Centre for Environment Planning and Technology (CEPT) University, Ahmedabad, and CARE School of Architecture in the city have joined hands to take up a study and map the Rockfort, and the habitations and traditional architecture around the city’s most famous landmark.

A team of 77 architecture students - 36 from CEPT University and 41 from CARE School of Architecture - are currently engaged in mapping and doing sketches of the Rockfort, its Nandavanam, and the heritage structures around them, and a traditional village street and their houses at Nallur near Papanasam. The initiative has been taken up as part of a memorandum of understanding between the two institutions to take up collaborative ventures.

“Traditional Indian architecture has not been documented much. The study is to make accurate drawings of the local architecture and document them, complete with their settlement plans. We will bring out a monograph based on the study by January,” N.H. Chhaya, dean, Faculty of Architecture, CEPT University, told The Hindu.

Prof. Chhaya, who was here to supervise the study recently, explained that the university has been engaged in conducting such studies and documenting traditional Indian architecture for several years now. “Every year, we take up three locations and one of the locations is Tamil Nadu this year, which is being done in association with CARE School,” he said.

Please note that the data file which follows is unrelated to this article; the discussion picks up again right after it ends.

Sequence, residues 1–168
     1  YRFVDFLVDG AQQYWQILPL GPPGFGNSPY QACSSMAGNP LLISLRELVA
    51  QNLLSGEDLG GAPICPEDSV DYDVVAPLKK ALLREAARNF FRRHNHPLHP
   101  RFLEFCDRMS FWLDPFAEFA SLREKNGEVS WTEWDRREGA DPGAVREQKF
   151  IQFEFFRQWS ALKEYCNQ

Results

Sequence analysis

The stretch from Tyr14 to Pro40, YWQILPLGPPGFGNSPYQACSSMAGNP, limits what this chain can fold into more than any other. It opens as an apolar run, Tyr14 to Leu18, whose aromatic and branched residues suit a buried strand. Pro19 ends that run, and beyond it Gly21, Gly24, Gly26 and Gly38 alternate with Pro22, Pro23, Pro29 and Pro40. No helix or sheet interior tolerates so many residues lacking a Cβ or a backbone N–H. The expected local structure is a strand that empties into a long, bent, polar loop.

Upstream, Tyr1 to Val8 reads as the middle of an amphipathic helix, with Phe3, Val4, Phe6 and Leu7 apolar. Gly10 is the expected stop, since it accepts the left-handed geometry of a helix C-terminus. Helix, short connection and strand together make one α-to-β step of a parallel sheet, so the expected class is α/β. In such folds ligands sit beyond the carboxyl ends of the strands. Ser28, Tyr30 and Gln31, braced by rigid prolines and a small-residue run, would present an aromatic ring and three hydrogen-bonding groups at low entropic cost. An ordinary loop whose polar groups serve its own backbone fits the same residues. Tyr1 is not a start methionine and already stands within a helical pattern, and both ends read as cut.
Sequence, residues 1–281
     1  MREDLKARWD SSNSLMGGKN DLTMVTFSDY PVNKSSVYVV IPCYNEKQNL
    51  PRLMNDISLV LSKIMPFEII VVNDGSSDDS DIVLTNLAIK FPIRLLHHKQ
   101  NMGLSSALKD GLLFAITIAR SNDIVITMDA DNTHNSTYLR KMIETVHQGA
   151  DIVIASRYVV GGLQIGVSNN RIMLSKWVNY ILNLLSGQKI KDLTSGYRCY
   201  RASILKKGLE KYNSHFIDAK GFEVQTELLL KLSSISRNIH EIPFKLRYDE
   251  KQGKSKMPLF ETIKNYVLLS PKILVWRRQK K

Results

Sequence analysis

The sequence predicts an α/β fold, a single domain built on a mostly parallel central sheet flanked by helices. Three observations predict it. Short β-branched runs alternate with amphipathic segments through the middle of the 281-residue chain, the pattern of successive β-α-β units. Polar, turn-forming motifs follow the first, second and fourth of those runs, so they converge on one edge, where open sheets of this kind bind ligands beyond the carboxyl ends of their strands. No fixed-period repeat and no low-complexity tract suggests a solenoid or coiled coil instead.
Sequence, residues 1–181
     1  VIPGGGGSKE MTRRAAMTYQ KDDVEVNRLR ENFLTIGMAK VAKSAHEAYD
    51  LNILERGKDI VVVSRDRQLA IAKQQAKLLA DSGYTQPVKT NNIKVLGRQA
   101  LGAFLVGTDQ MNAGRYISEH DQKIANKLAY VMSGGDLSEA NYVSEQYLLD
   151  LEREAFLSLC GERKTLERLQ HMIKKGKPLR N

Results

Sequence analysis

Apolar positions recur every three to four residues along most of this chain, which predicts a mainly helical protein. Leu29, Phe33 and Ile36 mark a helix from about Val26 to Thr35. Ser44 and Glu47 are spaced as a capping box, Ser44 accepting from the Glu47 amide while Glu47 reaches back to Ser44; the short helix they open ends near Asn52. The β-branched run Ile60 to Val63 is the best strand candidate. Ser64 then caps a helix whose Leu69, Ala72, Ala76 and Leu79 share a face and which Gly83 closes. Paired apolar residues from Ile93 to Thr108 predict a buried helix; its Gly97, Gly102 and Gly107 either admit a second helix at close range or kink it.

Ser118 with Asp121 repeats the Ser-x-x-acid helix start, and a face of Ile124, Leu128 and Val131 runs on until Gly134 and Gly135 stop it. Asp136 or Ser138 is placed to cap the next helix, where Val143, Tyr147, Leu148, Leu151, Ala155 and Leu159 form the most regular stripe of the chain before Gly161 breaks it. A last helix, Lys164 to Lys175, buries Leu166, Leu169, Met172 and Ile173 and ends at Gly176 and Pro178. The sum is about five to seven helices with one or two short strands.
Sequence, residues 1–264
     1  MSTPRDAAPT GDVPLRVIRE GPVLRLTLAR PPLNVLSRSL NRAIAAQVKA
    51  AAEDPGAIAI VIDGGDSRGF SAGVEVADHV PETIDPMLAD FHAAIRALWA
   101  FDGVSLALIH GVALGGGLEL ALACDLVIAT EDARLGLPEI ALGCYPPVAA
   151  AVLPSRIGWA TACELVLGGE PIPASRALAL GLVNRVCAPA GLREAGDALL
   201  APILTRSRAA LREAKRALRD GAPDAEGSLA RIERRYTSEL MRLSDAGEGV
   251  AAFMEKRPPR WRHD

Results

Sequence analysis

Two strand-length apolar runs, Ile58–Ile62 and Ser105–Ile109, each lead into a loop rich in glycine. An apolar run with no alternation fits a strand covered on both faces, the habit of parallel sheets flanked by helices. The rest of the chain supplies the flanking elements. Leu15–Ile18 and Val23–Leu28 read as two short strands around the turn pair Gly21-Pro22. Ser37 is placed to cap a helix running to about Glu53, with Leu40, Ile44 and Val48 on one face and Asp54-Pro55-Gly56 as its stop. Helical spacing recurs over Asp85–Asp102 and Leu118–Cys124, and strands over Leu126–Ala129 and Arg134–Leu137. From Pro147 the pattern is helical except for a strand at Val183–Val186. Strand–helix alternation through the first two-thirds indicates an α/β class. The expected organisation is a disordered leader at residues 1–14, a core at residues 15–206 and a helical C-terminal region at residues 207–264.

The study and the documentation would be useful not only from an academic study point but also possibly help planners and architects incorporate people’s way of life while planning urban development.

Prof. Chhaya described the settlement around the Rockfort as one of the most intelligent layouts for its precise and careful use of land.

The mapping and documentation could help the city retain its cultural identity and planners could pick up lessons while drawing up development projects, said Vijaykumar Sengottuvelan, Director, CARE School of Architecture.

“We could learn lessons on how modern cities could be made more sustainable from the patterns of living in traditional human settlements,” said Vikram C. Bhatt, professor of architecture and director, Minimum Cost Housing Group, McGill University, Quebec, Canada, who was here to observe the study.

Prof. Chhaya said CEPT University and CARE School of Architecture are planning to set up field study centres to study the cultural landscape of the region over the next five years.